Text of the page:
What does it mean to be moral? It’s a big question, and one that has challenged philosophers and thinkers for centuries, but we may finally have an answer. Anthropologists from the University of Oxford have found a number of “moral rules” which appear to exist in all societies, but are these rules the right way to lead a moral life, and what challenges could they face in 2019?
The seven moral rules are as follows: love your family, help your group, return favours, be brave, defer to authority, be fair, and respect others’ property. These seem to be universal across cultures – after analysing 60 societies around the world, researchers found that they were always considered morally good. It’s important to note, too, that there were no counter-examples, no societies in which any of the rules were considered morally bad. The general idea is that these rules evolve from a natural human instinct to cooperate and the different tacks emerged from different types of cooperation.
Now, these guidelines are a good place to start, but are they realistic in modern society? Is it always moral to ‘defer to authority’ when people are increasingly disillusioned with the powerful (just look at the dissatisfaction levels with our parliamentarians for ample proof of that)? In a society when people are becoming selfish and focusing on their own pleasure and individual happiness rather than that of their community, is there still space for ‘helping your group’, or is that just a remnant from a more community-centred society?
There are no easy answers, so how can we know what the right thing to do is?
I’ve mentioned that these moral behaviours are all linked to the importance of cooperation, but is there even much room for that anymore? Tribes take different forms nowadays (we’re only really disagreeing with people, whereas early tribes were actual competitive and physical threats to your wellbeing), but full-fledged cooperation seems like something of a pipe dream at the moment. There’s been a rise in people seeing their political enemies and those who disagree with them on big issues as subhuman – even if you’re following the moral rule about helping your group, it’s hard to imagine that attitude as moral in any way.
At the risk of making grand pronouncements, I think morality (as it has been understood) is facing a major crisis at the moment, and there are several reasons for this. One is, quite simply, that lives have changed and the challenges we face as a society are different. The moral rules stem from a society’s initial establishment more than anything, and were necessary in the past because the issues they faced required cooperation – if you didn’t work with your people and listen to your leader, you may not have eaten, for example. But now, our issues can be on a grander scale – is it right to drive if you’re contributing to global warming? There are no easy answers, so how can we know what the right thing to do is?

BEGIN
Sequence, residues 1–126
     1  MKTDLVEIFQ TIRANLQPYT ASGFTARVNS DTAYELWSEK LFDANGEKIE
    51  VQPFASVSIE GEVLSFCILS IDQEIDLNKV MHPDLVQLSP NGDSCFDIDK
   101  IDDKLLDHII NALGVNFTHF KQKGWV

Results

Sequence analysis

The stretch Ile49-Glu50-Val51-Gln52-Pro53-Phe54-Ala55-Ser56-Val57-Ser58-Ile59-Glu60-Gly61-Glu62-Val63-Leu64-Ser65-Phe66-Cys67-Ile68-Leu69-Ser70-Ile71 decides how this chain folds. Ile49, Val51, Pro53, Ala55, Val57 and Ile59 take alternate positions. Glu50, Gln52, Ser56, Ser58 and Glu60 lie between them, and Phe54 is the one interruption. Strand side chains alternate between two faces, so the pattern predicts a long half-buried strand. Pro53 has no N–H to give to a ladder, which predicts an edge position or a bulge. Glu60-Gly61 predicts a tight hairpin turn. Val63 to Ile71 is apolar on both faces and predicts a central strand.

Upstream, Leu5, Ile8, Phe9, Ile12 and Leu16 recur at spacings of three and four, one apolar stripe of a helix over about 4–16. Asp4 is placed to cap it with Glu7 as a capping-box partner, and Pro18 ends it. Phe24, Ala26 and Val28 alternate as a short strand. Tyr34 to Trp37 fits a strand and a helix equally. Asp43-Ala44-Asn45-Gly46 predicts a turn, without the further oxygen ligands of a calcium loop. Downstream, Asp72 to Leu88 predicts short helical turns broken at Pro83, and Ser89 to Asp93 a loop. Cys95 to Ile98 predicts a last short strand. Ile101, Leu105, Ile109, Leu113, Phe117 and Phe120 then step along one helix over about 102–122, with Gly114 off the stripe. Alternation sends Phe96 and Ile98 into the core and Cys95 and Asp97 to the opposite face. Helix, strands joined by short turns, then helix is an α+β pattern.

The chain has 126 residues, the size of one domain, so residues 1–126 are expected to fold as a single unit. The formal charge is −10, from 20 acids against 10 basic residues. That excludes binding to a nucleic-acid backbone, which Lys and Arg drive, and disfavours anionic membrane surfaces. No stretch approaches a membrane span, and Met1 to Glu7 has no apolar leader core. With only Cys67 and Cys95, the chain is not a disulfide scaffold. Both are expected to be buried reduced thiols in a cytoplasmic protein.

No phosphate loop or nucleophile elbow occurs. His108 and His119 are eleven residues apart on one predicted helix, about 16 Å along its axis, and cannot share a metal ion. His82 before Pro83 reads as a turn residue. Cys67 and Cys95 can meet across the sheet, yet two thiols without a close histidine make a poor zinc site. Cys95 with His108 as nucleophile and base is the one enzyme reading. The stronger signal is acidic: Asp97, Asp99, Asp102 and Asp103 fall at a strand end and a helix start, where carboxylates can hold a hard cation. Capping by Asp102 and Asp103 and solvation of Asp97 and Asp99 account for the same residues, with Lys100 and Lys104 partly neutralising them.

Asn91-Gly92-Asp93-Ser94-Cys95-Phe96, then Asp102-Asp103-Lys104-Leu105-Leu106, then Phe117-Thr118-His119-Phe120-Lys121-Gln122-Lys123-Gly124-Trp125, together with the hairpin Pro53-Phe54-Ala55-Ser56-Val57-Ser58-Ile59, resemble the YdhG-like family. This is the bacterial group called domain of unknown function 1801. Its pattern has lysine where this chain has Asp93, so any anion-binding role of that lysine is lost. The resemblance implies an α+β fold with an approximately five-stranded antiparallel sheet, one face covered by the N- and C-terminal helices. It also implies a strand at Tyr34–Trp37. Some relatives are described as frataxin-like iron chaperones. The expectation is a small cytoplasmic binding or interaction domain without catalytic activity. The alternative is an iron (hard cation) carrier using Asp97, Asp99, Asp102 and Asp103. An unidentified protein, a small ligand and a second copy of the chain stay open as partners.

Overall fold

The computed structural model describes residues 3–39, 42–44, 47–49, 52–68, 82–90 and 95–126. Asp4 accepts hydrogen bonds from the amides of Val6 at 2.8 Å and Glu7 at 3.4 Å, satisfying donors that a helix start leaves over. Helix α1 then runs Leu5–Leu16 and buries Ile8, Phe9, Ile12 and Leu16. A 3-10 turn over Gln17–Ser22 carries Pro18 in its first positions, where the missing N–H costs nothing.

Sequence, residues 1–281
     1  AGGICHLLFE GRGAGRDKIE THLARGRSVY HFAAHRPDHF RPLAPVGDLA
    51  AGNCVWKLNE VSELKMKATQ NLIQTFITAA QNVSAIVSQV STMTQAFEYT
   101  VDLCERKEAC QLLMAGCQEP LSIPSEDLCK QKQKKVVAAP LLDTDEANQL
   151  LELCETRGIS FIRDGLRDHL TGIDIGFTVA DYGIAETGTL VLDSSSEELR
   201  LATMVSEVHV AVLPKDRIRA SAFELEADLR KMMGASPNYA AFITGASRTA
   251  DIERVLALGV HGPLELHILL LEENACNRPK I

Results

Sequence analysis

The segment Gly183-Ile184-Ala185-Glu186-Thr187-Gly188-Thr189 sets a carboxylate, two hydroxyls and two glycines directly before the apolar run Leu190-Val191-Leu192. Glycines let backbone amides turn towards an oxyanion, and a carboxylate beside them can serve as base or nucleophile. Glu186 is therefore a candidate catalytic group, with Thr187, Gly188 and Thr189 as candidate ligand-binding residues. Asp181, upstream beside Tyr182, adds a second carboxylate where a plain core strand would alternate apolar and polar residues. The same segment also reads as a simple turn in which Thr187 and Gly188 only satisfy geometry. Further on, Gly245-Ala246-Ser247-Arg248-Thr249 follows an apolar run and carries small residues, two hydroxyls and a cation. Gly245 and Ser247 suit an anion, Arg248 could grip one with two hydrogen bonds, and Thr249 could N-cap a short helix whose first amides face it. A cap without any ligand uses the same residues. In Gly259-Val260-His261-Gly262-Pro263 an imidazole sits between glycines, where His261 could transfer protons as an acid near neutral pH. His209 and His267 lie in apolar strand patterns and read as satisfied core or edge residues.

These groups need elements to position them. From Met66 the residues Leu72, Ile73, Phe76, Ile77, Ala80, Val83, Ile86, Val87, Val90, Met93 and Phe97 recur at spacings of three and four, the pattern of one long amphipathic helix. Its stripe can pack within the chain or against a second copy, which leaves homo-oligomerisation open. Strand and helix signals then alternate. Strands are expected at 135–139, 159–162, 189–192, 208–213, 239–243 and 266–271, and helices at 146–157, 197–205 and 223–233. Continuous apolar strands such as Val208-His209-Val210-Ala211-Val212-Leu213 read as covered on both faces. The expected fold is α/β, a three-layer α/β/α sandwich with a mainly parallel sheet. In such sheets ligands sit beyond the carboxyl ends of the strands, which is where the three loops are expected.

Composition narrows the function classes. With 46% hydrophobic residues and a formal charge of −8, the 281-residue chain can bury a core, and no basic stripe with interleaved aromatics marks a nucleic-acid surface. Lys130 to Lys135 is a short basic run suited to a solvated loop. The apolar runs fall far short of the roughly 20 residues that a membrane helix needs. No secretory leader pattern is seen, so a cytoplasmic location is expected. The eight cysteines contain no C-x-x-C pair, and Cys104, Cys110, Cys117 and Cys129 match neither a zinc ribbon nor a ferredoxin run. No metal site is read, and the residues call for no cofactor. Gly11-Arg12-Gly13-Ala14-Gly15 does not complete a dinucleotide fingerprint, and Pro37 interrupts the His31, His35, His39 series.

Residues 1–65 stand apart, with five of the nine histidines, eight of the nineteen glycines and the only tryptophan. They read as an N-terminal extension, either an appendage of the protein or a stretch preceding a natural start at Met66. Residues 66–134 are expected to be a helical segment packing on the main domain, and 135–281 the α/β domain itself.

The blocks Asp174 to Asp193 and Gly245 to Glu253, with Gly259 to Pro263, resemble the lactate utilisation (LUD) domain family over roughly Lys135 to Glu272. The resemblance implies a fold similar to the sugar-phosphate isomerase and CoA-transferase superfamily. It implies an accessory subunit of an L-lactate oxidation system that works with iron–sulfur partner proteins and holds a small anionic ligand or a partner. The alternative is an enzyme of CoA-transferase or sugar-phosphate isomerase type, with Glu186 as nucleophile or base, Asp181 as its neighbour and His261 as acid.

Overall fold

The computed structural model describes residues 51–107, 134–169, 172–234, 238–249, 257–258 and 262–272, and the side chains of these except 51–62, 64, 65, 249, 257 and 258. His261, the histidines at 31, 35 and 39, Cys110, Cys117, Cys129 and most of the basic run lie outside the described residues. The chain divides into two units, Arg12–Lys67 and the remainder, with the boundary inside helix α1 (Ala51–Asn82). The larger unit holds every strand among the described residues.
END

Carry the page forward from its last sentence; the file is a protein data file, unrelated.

We frequently see people behave online with a viciousness that they’d think disgusting in real life
The rise of the internet and social media has shattered communities. In technically bringing us closer together, people have also been isolated with their lives taking precedent over everything, which is certainly not good for moral living. The instant validation feeds ego more than it does reflection, and we frequently see people behave online with a viciousness that they’d think disgusting in real life.
The other key factor to mention is a decline in religion. Much of Western morality has been shaped by Judeo-Christian values, but these values are decreasingly taught in schools and fewer people are religious. I’m not suggesting that you have to be religious to be a good person, but the religious values that once underpinned how we understood goodness are definitely on the decline.
How can we be moral in 2019? I’ve skirted the question a little bit because it’s so difficult to answer, but I think a return to some of the seven moral rules would be a good start. Make your best effort to help others, and attempt to be fair in how you reason with and understand the world. Ours has become an incredibly selfish society – I don’t know how to define modern-day morality, but encouraging a bit more selflessness would certainly be a good start.